At some point in your life, you will likely experience the anxiety of sitting in a hospital room, waiting for a serious medical diagnosis. Even those lucky enough to avoid that situation will likely accompany a loved one—a parent, grandparent or child—who is receiving the news. You might remember the stiffness of the chair, the pattern of the hospital gown or the doctor’s folded hands. Whatever the diagnosis—cancer, Alzheimer’s disease, diabetes or even COVID-19—the event is not one you will easily forget.
Powerful emotional experiences such as this one can develop into flashbulb memories: recollections that are highly salient and appear as vivid as a snapshot. Most of us who lived through the assassination of President John F. Kennedy or 9/11 are confident we can pinpoint precisely where we were when we found out about the event. These memories are not perfect—they are distorted like any other recollection. Yet when they recount the experience, people describe it as if it happened yesterday. And these memories influence our personal identity, social bonds, decision-making and behaviors over time. After the 2013 Boston Marathon bombing, for example, those who witnessed acts of heroism and remembered them in detail were more likely to engage in helping behaviors such as donating blood or supporting Boston-related charities, even months after the attack.
In a recent study we demonstrated that for some individuals, a medical diagnosis event does create a flashbulb memory that endures for years after the fact. But our findings also showed that the intensity of these memories and the emotions associated with them depend on the doctor’s delivery, which either softens the impact or prolongs the pain. Medical professionals would be wise to carefully consider how they convey such news.
For our study, we surveyed more than 300 mothers, recruited through support groups on social media, who had received a diagnosis of Down syndrome for their child. The mothers ranged in age from 21 to 79 years and had been given the diagnosis between 52 years and one month ago. In the survey, they wrote a narrative describing in detail how they were informed their child had Down syndrome—incorporating as many specifics as they could about the day, location, weather, time and other features. These narratives were coded and rated using the Flashbulb Memory Checklist (FBMC) for specificity. The mothers also responded to a series of statements from the Autobiographical Memory Questionnaire (AMQ) to indicate the perceived intensity, vividness, rehearsal, confidence and valence of their diagnosis memory. Finally, they answered a series of questions about their interactions with medical staff at the time of the diagnosis to determine how these conversations affected their recollection of the event.
The majority of respondents—nearly 80 percent—experienced a flashbulb memory after learning of their child’s Down syndrome. In fact, our participants described their diagnosis memory as more vivid, intense and visceral than the ratings subjects had given to their recollection of 9/11 in another flashbulb memory study.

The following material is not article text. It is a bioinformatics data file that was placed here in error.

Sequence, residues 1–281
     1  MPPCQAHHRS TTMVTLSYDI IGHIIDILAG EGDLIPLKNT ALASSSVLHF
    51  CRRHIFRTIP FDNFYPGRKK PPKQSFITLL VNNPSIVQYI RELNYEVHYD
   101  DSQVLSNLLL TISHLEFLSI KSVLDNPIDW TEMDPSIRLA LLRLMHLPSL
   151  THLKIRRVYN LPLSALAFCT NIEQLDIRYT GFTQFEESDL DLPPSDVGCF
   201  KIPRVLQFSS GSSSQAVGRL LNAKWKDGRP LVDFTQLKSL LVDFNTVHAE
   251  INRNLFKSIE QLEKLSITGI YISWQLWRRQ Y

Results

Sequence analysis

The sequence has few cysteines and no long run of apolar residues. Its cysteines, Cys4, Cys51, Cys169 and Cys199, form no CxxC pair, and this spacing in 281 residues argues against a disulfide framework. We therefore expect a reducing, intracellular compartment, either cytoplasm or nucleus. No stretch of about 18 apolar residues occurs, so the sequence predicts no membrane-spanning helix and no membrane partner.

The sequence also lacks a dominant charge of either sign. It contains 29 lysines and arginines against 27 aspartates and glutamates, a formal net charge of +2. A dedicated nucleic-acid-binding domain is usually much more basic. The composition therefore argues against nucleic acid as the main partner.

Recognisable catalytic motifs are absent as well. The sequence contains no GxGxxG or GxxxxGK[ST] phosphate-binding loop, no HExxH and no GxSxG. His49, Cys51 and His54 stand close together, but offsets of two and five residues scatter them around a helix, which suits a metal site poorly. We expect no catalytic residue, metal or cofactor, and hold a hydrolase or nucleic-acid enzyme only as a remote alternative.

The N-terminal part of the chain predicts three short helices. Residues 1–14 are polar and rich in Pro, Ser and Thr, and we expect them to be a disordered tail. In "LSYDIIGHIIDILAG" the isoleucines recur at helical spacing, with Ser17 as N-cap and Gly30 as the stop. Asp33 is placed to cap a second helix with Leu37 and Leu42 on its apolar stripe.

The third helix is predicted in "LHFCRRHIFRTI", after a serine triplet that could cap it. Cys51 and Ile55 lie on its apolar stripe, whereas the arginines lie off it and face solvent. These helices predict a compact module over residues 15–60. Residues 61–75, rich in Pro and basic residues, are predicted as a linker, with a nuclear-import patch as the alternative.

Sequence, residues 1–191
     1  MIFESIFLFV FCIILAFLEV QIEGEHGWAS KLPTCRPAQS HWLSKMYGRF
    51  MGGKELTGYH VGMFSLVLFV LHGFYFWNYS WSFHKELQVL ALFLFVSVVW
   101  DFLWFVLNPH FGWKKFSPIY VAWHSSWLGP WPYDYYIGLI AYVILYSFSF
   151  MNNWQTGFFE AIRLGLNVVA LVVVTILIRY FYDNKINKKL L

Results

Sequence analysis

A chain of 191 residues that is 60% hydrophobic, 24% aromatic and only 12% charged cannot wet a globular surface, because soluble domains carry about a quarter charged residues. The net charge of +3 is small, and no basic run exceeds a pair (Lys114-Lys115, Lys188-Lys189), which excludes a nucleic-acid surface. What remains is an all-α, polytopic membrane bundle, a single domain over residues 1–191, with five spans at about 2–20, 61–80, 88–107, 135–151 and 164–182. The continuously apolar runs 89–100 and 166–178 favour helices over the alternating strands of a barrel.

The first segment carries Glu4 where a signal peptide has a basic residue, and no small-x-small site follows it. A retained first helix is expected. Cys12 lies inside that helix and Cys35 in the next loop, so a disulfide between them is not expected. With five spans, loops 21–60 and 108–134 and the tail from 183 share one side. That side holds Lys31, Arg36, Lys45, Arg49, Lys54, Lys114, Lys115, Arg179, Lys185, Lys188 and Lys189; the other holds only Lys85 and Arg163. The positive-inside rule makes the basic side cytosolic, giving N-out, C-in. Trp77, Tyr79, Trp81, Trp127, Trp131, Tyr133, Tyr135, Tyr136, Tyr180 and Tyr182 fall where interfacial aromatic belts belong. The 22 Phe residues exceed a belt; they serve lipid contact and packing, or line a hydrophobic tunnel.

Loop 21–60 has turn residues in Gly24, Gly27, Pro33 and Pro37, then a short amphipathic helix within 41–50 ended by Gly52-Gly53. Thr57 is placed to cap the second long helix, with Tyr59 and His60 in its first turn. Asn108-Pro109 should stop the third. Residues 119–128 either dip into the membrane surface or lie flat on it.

The flashbulb nature of these medical-diagnosis memories lingered for many years. Although we did not examine the way individual memories changed over time, as a longitudinal study would, we were able to compare recollections from decades earlier to those from a few months ago. Diagnosis memories from long ago were no less detailed than recent ones, and they were just as likely to have a flashbulb effect. Time seemed to soften the intensity of the memories, but even decades-old diagnoses were still rated as more emotional, vivid, and salient than everyday recollections.
The support that the participating mothers received from medical staff also determined the emotional tenor of their memory and its persistence over time. Respondents who described positive interactions with the staff—such as a balanced delivery and additional resources and information for support—were less likely to report negative feelings when recounting the experience and saw a decrease in the memory’s intensity over time.
More often, however, the mothers reported negative experiences with medical staff, including a lack of compassion, pressure to terminate their pregnancy, and pessimistic expectations about outcomes for their child and family. Many received limited or no additional resources or support systems. For those individuals, memories of the diagnosis continued to be associated with negative emotions, and the time that had elapsed had not helped lessen the impact. Mothers who had not received positive feedback could recall their diagnosis experience in specific, often haunting detail, even after 20 years.
One of the essential ethical standards of the Hippocratic oath is to do no harm. Our findings suggest that in adhering to this tenet, health professionals should focus not only on the medical procedures and treatments provided to people but also on the way patients are informed about their health and what the future might hold.